Spotting the Celestial Unicorn
Last updated 3/28/2023 at 1:39pm
Have you ever been disappointed to search for a constellation figure in the heavens only to discover that it was utterly impossible? Trust me, you're not alone!
Take, for example, the flying steed known as Pegasus. I defy anyone to look skyward and outline its stars in such a way that they can see a flying horse. And, if you can, well, I'm afraid you'll need more help than I can give you!
No, constellations just aren't real but are simply groups of randomly distributed stars that ancient storytellers created to represent objects, animals and people. Their combined stars appear nothing like their namesakes, at least not without plenty of imagination (or chemicals), so don't feel bad that you can't recognize them.
One particularly unrecognizable star grouping lies in our evening sky right now. It's known as Monoceros, the unicorn. Monoceros is composed of faint and obscure stars, and we often overlook it because it happens to lie among some of the most brilliant stars in all the heavens. With the moon out of the evening sky this week, you can search for it just to the east of dazzling Orion and between the bright stars Sirius and Procyon.
It's tough to know where constellation stories and names originate. Often their roots are lost in antiquity, but we think that Monoceros may have a more modern origin. Some believe that it might have been the 16th-century Dutch theologian, cartographer and astronomer Petrus Plancius who invented this constellation, though some think it might have been named "Unicornu" by German astronomer Jacob Bartsch who published Plancius' star maps in 1624.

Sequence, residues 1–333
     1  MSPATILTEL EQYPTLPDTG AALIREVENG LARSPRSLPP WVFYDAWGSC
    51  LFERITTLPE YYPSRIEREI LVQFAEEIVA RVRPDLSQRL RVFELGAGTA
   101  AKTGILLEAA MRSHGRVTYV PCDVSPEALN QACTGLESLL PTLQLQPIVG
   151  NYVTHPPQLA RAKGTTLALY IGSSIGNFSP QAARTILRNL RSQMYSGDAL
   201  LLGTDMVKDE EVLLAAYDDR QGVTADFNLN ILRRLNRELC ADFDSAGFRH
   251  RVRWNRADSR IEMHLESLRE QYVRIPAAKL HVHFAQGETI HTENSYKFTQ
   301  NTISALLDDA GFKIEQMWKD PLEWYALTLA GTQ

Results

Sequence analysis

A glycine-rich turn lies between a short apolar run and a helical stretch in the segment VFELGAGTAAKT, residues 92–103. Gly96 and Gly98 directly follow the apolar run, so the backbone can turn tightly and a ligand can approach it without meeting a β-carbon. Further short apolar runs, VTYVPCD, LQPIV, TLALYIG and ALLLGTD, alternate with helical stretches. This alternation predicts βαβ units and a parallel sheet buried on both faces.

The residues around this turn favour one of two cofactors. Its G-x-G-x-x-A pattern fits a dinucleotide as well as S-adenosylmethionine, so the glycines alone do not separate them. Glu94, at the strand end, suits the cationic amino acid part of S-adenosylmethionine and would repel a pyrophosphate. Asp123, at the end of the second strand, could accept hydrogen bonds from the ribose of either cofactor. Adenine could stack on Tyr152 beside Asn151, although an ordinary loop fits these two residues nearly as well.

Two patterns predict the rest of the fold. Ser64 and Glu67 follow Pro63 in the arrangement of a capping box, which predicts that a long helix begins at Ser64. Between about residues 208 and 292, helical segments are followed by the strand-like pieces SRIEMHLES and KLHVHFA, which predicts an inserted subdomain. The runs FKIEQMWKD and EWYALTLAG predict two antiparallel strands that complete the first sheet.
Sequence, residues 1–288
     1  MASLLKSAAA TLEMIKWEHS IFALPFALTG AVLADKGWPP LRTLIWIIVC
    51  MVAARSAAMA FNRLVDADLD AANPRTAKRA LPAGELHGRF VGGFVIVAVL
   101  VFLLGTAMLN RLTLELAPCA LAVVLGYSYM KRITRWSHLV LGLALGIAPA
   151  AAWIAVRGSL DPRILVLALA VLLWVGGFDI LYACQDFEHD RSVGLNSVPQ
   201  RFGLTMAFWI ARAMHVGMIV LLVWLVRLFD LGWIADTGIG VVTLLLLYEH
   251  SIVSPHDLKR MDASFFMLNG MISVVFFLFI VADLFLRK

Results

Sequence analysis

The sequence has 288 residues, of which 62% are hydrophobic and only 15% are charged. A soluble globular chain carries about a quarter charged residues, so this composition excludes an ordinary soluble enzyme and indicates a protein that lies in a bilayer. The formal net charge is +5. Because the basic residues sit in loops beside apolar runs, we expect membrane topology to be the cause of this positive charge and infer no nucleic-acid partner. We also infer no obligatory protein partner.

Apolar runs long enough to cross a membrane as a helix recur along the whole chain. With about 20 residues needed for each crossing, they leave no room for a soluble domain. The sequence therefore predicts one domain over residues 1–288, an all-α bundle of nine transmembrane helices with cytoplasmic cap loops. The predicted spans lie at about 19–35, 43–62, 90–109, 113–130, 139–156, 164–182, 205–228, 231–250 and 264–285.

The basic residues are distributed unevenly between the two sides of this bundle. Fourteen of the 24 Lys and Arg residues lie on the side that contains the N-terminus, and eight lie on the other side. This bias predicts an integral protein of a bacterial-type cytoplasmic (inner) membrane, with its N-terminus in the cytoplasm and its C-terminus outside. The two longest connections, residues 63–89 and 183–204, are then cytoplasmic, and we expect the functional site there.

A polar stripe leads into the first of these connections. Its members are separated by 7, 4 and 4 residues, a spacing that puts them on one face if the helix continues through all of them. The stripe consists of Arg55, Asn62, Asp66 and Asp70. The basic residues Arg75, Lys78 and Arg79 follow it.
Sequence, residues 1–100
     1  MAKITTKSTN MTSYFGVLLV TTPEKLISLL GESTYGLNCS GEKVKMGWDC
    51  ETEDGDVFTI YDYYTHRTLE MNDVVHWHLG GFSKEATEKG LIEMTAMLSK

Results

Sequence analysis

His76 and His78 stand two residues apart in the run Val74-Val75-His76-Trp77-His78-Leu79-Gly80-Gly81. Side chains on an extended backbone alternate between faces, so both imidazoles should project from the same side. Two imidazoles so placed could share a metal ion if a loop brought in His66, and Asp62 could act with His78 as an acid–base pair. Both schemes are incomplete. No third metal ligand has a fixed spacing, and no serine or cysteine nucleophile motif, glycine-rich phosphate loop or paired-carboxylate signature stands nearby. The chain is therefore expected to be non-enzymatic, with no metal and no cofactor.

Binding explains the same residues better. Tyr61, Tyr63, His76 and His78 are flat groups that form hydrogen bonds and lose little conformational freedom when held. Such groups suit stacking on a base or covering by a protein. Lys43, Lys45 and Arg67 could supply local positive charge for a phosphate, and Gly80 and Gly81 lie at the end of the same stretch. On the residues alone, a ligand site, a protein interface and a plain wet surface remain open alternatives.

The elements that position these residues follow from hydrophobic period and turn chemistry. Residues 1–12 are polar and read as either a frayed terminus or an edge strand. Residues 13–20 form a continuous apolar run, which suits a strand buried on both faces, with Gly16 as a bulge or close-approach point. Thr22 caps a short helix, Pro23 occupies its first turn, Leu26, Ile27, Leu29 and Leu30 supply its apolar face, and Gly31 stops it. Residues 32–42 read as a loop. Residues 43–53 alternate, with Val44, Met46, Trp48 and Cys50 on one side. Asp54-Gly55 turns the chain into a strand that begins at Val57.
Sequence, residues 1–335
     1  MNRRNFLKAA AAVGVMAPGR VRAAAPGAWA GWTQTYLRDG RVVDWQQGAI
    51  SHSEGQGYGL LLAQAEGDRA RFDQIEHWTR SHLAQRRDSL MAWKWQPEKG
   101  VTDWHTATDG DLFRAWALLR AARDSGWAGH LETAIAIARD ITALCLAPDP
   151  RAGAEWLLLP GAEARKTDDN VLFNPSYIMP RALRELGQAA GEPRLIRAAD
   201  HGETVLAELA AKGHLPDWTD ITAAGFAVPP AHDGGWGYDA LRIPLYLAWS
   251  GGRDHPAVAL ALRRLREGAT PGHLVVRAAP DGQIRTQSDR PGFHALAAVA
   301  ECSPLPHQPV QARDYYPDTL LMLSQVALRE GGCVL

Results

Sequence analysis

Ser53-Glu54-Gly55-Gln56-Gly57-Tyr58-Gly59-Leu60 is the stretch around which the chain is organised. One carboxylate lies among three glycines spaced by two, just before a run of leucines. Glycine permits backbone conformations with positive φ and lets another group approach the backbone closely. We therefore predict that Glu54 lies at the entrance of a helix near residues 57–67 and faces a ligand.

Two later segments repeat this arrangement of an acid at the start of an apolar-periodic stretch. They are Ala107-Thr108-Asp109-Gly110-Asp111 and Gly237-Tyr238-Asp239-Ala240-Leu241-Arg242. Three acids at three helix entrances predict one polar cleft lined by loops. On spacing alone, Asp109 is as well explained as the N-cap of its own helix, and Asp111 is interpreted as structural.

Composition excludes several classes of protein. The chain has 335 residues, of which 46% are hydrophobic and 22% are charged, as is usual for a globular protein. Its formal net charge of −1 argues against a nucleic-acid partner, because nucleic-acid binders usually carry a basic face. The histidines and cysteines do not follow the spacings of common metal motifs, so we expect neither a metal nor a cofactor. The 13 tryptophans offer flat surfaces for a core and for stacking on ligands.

If you can identify Monoceros in a dark moonless sky (which is pretty much the only way it's possible), you should also be able to see the faint wintertime Milky Way flowing gently southward through it.
Once you find Monoceros, you'll discover it takes quite an imagination to fashion a unicorn from its stars. But it's not so much the constellation that's interesting as what's lurking within. Though they're rather faint, quite a few celestial wonders are visible if you have a small telescope to aim in this direction.
Monoceros is home to a beautiful triple star system – three stars that orbit a common center of gravity – known as Beta Monocerotis. It was the famous astronomer William Herschel who discovered it in 1781, the same year he found the planet Uranus. Herschel found the three stars of Beta Mon to form a triangle that, from our distance of about 700 light years, appears not to change over time, and he described it as one of the best triple star systems he'd ever seen.
Also lying within the boundaries of Monoceros is the famous interstellar cloud named the Rosette Nebula that engulfs a star cluster known as NGC 2244. With a backyard telescope, one can sometimes make out some diffuse nebulosity here, but it takes a pretty hefty scope to distinguish its ringed shape.
Even if you don't own a large enough telescope to show these celestial wonders, I hope you'll at least seek out the unicorn. I suspect it'll be the only one you ever see!
Visit Dennis Mammana at dennismammana.com.